Build a strong network

Understand the basics of Wi-Fi technology to get customers and systems connected.

The green industries have been in the midst of a technology evolution for the past couple of years, and the Wi-Fi network trend will continue for the foreseeable future. Companies are adding more software and hardware to their offerings and internal processes than ever before. It is extremely important that systems and sensors be able to communicate freely with each other so that data can be accessed, analyzed and visualized easily so that data-driven decisions can be made.

Often this starts with connecting devices or sensors to a Wi-Fi network in order to be able to access remote control panels or transmit valuable data. Understanding the basics of Wi-Fi will help ensure the best possible connections, which in turn will produce the best service/product for your clients.

Today’s Wi-Fi networks function using electromagnetic waves in a similar fashion to cell phones, television and radios. When a Wi-Fi transmission begins, the device that is transmitting the data turns the data into a radio signal that is sent via an antenna which forms the waves. The device that transmits the signal for devices to connect to is called the Wireless Access Point. On the receiving side, another device receives those signals, decodes the radio waves and sends them across the internet using an Ethernet or fiber optic cable.

The signal for Wi-Fi is broadcast using one of two frequencies, 2.4Ghz and 5Ghz. These frequencies are much higher than other consumer devices which allows for a larger transmission of data.

Understanding the differences between the two frequencies is important when setting up devices that need to connect to somebody’s home network. Currently, 2.4Ghz is being replaced by 5Ghz because of the greater speeds than are possible with 5Ghz. However, that extra speed comes with a few drawbacks. Since it is a newer technology, devices from a few years ago or devices that aren’t built with the latest technology will not be able to communicate with a 5Ghz-only Wi-Fi Access Point. Make sure you talk to your customer and find out what specific device they have so you can Google the specs and understand better what you are working with.

Devices using 2.4Ghz can carry over several hundred feet and does not mind impediments such as walls or floors. On the other hand, 5Ghz devices have a maximum distance of 200 feet. In reality, that distance is much shorter because the signal degrades passing through objects much faster. It is possible that a 2.4GHz signal will provide a faster experience than a 5Ghz signal the further you move away from the WAP.

The challenging part of setting up devices on a client network is that you don’t have control. You can set up a system perfectly and then the homeowner decides to move the WAP or change technologies and all of a sudden, nothing is working anymore. This problem can be mitigated by being educated about the technology yourself so that you can inform your clients about possible pitfalls.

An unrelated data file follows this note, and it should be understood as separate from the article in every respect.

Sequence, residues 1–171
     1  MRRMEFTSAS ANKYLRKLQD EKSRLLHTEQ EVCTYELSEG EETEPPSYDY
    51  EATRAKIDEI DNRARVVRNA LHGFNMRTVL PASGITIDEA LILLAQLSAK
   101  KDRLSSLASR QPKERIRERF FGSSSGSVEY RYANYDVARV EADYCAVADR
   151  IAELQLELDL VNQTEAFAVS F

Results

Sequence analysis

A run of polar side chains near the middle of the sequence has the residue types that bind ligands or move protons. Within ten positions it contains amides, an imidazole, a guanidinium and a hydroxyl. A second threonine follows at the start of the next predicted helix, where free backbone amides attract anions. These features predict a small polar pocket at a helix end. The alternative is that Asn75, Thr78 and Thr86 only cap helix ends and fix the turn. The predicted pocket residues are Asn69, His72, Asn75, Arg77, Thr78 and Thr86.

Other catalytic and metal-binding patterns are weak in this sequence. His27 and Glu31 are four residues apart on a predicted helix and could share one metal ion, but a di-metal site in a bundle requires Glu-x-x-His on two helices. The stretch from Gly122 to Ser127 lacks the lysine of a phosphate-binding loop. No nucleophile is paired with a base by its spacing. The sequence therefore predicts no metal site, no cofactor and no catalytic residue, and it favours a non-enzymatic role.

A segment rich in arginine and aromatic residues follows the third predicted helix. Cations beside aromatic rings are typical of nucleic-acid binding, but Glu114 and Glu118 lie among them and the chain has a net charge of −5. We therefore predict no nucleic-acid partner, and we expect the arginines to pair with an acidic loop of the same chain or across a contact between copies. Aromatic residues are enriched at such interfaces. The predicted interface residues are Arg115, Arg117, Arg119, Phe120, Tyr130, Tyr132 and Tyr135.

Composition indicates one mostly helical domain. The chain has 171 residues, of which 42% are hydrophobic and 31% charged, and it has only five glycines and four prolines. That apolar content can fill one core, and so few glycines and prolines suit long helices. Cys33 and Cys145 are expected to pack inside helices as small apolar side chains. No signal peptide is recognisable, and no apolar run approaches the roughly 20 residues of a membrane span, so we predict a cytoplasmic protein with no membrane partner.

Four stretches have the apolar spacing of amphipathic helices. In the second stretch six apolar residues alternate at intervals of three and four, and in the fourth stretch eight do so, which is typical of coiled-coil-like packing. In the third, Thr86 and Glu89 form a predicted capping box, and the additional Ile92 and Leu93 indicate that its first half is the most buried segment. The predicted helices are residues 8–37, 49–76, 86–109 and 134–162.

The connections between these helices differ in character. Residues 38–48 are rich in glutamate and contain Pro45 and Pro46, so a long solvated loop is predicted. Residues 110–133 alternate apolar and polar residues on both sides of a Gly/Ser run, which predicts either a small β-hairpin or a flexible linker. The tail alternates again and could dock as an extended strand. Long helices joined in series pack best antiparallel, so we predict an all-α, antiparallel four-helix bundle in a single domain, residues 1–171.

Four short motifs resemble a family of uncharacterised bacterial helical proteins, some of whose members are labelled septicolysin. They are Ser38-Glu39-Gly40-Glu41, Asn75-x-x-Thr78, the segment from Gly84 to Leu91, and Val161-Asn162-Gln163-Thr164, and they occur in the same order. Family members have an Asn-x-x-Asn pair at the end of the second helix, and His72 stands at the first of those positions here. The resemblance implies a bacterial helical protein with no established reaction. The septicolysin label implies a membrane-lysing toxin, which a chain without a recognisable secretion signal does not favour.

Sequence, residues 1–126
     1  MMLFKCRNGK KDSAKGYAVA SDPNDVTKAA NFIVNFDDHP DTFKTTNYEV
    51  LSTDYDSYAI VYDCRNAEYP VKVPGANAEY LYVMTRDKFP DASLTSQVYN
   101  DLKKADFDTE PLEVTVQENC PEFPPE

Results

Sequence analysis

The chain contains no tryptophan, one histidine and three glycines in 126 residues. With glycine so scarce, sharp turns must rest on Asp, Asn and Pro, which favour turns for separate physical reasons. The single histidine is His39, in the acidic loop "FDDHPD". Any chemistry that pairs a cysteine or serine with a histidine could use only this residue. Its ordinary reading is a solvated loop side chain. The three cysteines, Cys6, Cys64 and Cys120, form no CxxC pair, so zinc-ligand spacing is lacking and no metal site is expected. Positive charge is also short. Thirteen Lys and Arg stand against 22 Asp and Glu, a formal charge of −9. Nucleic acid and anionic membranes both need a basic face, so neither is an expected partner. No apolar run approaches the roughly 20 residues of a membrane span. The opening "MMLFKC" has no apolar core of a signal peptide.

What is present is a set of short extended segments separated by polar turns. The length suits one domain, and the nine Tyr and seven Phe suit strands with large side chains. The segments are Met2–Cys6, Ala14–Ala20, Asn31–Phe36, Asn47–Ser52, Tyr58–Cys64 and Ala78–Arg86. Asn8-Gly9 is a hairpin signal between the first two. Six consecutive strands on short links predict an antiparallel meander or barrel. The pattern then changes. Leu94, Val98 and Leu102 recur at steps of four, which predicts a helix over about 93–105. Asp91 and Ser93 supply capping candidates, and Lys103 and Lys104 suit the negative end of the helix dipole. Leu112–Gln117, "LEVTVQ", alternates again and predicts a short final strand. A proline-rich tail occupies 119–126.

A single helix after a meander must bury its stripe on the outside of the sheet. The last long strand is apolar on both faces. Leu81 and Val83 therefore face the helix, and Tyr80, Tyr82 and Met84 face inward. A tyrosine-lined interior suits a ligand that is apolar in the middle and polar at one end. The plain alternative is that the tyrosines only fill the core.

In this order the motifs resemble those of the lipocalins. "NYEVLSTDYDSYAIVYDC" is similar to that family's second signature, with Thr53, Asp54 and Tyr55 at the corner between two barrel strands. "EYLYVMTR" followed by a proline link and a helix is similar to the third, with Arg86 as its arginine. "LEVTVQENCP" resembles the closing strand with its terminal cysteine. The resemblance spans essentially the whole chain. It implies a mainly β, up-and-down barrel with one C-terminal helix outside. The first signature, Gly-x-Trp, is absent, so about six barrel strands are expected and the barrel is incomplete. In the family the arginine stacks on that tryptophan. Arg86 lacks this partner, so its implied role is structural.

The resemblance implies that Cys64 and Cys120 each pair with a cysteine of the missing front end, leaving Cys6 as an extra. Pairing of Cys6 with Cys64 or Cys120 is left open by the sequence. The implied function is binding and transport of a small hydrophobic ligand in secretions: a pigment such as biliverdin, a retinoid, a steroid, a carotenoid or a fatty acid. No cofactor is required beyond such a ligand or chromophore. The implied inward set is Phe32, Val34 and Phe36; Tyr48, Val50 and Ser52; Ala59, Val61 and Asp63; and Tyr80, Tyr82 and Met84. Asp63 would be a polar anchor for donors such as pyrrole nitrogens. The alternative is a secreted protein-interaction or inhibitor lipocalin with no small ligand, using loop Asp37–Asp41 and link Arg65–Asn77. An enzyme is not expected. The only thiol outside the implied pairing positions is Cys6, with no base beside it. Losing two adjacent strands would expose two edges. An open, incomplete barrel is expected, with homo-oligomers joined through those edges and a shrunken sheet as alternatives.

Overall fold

Make sure your client knows that they need to inform you about network changes before they make any. Even changing the SSID (Wi-Fi name) of a network could mean your devices might not be able to connect.

There are a few steps that you can take to ensure a successful deployment. The first step is to document all of your setups. This would include the network name, what frequency is being used, location of WAPs, signal strength, potential obstacles and connection details. This information needs to be stored in a secure manner (not in an Excel file on your desktop or in the notes section on your phone) since it contains personal information about your clients and their network.

The second step is to frequently check in on the system so you can identify and correct problems quickly. This can be done manually or automated using programming or connector applications like Zapier.

The last step you can take to help ensure a successful deployment is to make a network map showing all the connected devices and all the subsequent devices they connect to before reaching the internet. That way, when there is a problem you can use that map and start at the device and trace back to find the issue.

Michael Mayberry is the chief technology officer for Level Green Landscape LLC in Upper Marlboro, Maryland, blending a passion for the outdoors with technology to create a new way for the green industry to conduct business. He can be reached at

In This Category

A computer and cell phone with spreadsheets and a calendar
Trying to institute change during a busy time period will likely lead to low adoption since your people are already focused on other issues.
Technology is necessary for green industry companies so how can you add technology to your company without taking a big hit?
Learn about the technology tools that your crew leaders need to work efficiently such as phone apps and dashboard cameras.
Learn about the technology tools that your crew leaders need to work efficiently such as phone apps and dashboard cameras.